The Securities and Exchange Commission’s plan to require money market funds to let their asset values float looks like it is dead in the water, judging from the SEC’s efforts to paddle away from the idea.

Even commissioners who are seen as supportive of the idea seem cowed by industry opposition. When SEC commissioner Elisse Walter, in a speech at the Investment Company Institute’s annual Mutual Funds and Investment Management Conference in Phoenix on March 19th, said she would speak on “a topic that is near and dear to your hearts and to mine — money market funds,” she also said she could “feel the oxygen leaving the room.”

Walter’s remarks followed those of ICI general counsel Karrie McMillan, who had termed the SEC’s plans for money fund reform “outrageous.”

What a difference a few months makes. Last November, SEC chairman Mary Schapiro made it known that the SEC was going to go for a second round of rulemaking on money market funds as a follow-on to the original reforms it adopted in February 2010. In a major speech at the Securities Industry and Financial Markets Association’s annual meeting in New York City, Schapiro said the first round of reforms had “tightened credit quality standards, shortened weighted-average maturities and, for the first time, imposed a liquidity standard,” but she described the stable $1.00 net asset value (NAV), which is unique to money market funds, as “brittle” and said the SEC was considering making money funds float their NAVs — like all other mutual funds — while also requiring them to institute “capital buffers, possibly combined with redemption restrictions.”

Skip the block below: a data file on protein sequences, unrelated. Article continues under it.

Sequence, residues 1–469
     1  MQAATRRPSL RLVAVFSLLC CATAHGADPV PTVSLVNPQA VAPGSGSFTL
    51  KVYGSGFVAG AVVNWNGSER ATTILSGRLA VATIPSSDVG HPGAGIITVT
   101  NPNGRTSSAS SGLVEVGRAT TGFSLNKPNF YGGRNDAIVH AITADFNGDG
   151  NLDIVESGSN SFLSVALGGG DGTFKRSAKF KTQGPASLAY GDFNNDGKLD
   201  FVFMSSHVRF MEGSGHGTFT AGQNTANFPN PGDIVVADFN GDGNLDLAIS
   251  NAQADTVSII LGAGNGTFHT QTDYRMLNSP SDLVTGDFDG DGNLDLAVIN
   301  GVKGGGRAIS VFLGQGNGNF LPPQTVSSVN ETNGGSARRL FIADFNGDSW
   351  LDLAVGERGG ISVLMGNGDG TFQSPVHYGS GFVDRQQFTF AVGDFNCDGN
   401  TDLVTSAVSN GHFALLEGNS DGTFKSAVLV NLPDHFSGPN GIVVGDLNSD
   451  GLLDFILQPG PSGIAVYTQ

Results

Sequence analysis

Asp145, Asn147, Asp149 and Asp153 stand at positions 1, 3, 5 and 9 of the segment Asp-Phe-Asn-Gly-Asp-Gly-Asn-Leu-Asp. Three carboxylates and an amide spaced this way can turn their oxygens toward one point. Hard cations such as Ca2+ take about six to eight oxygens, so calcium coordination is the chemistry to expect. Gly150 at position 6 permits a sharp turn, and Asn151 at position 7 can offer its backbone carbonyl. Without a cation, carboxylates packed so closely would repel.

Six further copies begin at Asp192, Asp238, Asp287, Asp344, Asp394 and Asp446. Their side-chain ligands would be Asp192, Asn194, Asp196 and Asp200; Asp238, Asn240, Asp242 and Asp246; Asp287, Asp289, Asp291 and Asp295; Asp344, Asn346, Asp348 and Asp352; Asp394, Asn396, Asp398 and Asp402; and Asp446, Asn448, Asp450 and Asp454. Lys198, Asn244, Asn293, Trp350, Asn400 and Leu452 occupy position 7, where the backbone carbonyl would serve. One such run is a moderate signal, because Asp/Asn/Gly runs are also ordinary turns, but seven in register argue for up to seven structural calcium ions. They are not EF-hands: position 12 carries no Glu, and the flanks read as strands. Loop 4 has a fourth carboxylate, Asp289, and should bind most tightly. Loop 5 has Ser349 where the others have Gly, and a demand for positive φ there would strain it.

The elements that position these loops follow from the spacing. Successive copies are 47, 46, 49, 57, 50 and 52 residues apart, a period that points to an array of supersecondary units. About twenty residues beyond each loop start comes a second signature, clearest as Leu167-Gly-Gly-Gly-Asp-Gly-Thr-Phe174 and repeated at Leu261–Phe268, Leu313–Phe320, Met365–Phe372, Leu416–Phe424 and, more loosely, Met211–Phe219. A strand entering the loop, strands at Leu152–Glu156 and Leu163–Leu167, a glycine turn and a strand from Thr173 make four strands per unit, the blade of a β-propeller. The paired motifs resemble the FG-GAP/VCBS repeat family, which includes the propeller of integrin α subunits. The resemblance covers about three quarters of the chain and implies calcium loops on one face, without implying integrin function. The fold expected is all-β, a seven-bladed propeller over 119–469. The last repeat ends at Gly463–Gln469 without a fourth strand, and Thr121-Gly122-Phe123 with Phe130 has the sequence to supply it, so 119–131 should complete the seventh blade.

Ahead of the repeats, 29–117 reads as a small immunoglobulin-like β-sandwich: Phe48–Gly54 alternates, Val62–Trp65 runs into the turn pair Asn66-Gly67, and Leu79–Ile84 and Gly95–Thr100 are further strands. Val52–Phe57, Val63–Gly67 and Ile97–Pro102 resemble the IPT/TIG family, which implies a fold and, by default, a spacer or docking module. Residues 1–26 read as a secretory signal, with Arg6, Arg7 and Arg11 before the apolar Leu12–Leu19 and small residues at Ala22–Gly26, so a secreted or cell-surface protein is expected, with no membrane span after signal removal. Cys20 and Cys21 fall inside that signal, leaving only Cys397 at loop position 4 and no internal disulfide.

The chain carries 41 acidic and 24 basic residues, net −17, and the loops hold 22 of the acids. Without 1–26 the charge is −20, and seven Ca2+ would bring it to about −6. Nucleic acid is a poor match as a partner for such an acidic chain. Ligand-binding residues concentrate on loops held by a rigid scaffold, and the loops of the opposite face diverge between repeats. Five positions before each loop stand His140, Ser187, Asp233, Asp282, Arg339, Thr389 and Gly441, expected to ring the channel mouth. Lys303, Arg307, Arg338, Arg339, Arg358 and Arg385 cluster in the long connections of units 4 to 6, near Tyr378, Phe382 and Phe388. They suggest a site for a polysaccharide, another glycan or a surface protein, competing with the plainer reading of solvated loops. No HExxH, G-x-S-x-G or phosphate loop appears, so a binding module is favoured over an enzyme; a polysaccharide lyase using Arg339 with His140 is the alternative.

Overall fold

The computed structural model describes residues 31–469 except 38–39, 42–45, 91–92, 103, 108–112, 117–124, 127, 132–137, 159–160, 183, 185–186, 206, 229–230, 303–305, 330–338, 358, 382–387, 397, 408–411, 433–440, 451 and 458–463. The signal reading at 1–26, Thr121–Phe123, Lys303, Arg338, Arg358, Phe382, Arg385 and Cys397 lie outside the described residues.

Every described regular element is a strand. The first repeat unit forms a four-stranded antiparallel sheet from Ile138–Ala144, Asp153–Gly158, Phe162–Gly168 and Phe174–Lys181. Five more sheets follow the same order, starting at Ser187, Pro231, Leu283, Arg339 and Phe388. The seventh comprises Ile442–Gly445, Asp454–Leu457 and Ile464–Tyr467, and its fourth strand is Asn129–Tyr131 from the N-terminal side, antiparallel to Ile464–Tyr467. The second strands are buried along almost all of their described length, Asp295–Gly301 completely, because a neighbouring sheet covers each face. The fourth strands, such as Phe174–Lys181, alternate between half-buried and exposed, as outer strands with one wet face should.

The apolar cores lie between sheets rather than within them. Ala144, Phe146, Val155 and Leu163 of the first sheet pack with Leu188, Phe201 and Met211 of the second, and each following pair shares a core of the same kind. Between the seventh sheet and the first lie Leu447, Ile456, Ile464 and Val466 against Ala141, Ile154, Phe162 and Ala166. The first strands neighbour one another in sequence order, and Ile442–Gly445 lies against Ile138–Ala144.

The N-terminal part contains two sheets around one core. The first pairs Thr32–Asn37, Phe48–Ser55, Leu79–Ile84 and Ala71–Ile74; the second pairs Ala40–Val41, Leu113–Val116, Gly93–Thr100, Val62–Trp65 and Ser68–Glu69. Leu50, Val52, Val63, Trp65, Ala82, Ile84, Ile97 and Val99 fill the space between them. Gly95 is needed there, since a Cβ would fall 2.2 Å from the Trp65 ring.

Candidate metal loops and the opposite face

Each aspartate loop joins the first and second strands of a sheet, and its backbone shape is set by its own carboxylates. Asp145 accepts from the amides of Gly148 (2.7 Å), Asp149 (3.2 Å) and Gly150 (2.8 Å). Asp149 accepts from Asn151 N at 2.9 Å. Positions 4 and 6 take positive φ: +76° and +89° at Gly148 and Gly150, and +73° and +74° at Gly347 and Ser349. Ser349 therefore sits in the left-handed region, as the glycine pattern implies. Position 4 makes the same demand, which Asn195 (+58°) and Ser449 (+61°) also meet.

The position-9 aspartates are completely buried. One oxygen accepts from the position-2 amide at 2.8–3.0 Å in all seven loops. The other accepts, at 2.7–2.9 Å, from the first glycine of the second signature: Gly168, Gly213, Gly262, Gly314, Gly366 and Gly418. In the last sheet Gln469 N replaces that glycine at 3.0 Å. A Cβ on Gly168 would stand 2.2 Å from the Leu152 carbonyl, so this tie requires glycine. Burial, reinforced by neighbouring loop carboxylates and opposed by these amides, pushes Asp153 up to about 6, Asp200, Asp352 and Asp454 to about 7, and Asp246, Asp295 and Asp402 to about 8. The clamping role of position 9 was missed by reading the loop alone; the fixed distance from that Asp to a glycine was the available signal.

Schapiro ended her speech by stating, “And I look forward to sharing a reform proposal with you very soon.”

But it’s now five months later, and it looks like the mutual fund industry, led by the Investment Company Institute, has lobbied hard enough and well enough to win an indefinite reprieve.

Initially, “very soon” was understood by industry insiders to be by the end of March, but by now, “estimates of the first quarter have turned into springtime, sometime, and even that is sounding optimistic at this point,” says Peter Crane, the co-founder of Crane Data, the Westport, Massachusetts–based publisher of Money Fund Intelligence and other money fund products and publications.